Ridge Writers on Books: ’Have an Interactive Post Halloween’
By DONNA McCrohan Rosenthal
Last month Goosebottom Books brought the latest in interactive technology to one of our oldest celebrations, Halloween. “Horrible Hauntings: An Augmen-ted Reality Collection of Ghosts and Ghouls” (Shirin Yim Bridges, illus. William Maughan, full color, 23 pages, Goose-bottom, hardcover, 2012, $21.95, ages 10 and up) starts with a QR (for “quick response”) code – one of those arrangements of squares with dots in the middle that you click on to get to an app, website or promotional offer.
In this case, the click connects with a free download that summons ghosts who wander through a dark abbey, spooky woods, ominous hallway, the Tower of London and the Oval Office. The app enables readers to hold a tablet or smartphone over each illustration to see the Headless Horseman, Bloody Mary, Amherst Poltergeist, Abra-ham Lincoln and other eerie spirits emerge and move menacingly in 3D – accompanied by sound.
In one story, a flick of the finger along the tablet or smartphone screen sends chairs, an umbrella, vases and soup pots flying off the page.
A joint effort between author Bridges and her brother Jason Yim, “Horrible Hauntings” combines these amazing effects with well-written and carefully researched text. Bridges describes the result as an example of “stealth education” because “these are historical ghosts. But as importantly, instead of a new technology competing with the printed book, you will finally see a great use of new technology to enhance the printed book. It’s the best of both worlds.”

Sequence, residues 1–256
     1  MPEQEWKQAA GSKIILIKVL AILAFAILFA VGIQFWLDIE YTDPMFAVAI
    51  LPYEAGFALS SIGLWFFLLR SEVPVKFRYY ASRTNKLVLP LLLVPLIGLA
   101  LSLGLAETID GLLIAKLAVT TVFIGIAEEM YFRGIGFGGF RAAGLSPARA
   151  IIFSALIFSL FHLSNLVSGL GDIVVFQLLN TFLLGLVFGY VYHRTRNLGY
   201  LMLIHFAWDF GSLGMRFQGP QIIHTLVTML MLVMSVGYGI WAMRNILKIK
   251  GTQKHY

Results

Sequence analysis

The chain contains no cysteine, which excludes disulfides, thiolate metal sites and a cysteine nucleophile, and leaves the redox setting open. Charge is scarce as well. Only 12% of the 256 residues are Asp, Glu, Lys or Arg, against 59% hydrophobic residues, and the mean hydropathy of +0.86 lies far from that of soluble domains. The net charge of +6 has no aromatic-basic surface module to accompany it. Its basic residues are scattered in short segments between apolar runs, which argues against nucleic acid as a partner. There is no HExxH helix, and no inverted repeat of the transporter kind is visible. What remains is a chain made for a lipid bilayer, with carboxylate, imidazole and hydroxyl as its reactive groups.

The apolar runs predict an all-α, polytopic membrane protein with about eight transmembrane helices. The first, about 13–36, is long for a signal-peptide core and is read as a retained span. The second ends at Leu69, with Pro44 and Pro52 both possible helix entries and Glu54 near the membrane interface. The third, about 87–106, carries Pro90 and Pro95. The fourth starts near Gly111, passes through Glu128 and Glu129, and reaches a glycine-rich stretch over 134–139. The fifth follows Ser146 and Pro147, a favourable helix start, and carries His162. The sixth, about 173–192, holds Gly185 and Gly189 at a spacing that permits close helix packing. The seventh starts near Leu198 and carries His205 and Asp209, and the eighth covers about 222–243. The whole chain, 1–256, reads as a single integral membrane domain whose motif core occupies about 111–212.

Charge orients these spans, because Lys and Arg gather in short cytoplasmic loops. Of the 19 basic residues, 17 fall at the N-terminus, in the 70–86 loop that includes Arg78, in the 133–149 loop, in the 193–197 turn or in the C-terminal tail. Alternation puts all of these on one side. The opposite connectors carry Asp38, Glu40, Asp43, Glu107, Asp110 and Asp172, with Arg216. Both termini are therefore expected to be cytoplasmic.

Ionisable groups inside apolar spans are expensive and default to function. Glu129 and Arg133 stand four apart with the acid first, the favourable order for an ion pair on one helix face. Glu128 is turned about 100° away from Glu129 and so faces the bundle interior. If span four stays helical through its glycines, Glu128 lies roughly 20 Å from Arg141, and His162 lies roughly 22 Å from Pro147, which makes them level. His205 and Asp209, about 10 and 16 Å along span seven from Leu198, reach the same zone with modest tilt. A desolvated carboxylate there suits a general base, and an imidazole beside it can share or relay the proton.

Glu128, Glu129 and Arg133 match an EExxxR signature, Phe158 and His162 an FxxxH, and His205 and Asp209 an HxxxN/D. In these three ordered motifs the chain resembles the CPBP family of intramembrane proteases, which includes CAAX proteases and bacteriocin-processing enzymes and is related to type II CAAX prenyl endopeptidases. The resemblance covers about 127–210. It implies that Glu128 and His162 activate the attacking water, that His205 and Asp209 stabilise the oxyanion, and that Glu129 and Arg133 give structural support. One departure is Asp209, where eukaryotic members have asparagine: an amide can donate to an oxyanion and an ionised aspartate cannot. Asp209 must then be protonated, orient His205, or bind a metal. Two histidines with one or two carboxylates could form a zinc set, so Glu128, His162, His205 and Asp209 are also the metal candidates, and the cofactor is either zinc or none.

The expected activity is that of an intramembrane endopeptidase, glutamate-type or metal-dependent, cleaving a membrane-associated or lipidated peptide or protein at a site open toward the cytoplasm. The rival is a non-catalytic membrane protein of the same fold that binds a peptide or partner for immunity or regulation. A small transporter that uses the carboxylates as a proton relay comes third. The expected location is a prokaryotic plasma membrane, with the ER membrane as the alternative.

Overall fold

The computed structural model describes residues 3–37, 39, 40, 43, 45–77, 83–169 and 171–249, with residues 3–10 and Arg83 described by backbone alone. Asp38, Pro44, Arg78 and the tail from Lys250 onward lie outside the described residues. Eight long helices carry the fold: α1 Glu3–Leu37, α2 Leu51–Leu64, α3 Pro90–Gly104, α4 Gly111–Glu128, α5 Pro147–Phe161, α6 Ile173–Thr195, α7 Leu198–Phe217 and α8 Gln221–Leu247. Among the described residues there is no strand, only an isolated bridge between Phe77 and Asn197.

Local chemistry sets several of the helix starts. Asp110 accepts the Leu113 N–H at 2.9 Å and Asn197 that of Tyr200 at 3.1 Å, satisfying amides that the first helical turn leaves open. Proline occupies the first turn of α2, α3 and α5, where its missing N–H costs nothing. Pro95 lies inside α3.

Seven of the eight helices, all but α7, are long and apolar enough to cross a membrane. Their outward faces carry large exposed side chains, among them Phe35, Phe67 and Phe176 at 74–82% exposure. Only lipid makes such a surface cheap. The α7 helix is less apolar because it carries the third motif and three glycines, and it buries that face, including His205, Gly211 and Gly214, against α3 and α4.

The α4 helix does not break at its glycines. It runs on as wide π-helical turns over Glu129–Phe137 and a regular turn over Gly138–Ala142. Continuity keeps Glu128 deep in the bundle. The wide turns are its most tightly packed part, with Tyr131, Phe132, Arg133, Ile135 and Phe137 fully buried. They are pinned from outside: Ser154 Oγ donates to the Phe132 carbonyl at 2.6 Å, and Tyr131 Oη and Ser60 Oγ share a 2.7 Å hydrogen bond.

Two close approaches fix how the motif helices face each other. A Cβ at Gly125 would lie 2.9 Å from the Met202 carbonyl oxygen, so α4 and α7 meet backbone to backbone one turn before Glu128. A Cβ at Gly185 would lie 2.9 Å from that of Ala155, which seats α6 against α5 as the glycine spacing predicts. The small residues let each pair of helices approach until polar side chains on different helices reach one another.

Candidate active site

Also interactive for Halloween and beyond, “Horrorgami: Creepy Creatures, Ghostly Ghouls, and Other Fiendish Paper Projects” (Chris Marks, full color, 128 pages, Running Press, paperback, 2012, $13.00) and “Knitmare on Elm Street: 20 Projects that Go Bump in the Night” (Hannah Simpson, full color, 128 pages, Running Press, paperback, 2012, $17.00) recall an era when “interactive” would have meant opening a cookbook and baking a cake, or studying a manual and earning a Boy Scout badge.
Yet here, following the step-by-step instructions produces a Franken-stein monster crafted from folded paper, laptop cozies, Haitian voodoo dolls and an army of yarn zombies.
Now that Halloween has put you in the mood, nothing says that feeling has to end. All three books provide fun that can last all year whether you brandish a tablet, smartphone, scissors or knitting needles. To borrow Bridges’ words, it’s the best of both worlds.
This weekly column is written by members of Ridge Writers, the East Sierra Branch of the California Writers Club. Meetings are held the first Wednesday evening of each month at High Desert Haven and free programs are offered throughout the year. Ridge Writers’ book “Planet Mojave: Visions From a World Apart” is available at Carriage Inn, Jawbone Station, the Historic USO Building, the Maturango Museum, Red Rock Books and from the official website www.planetmojave.com.Story First Published: 2012-11-14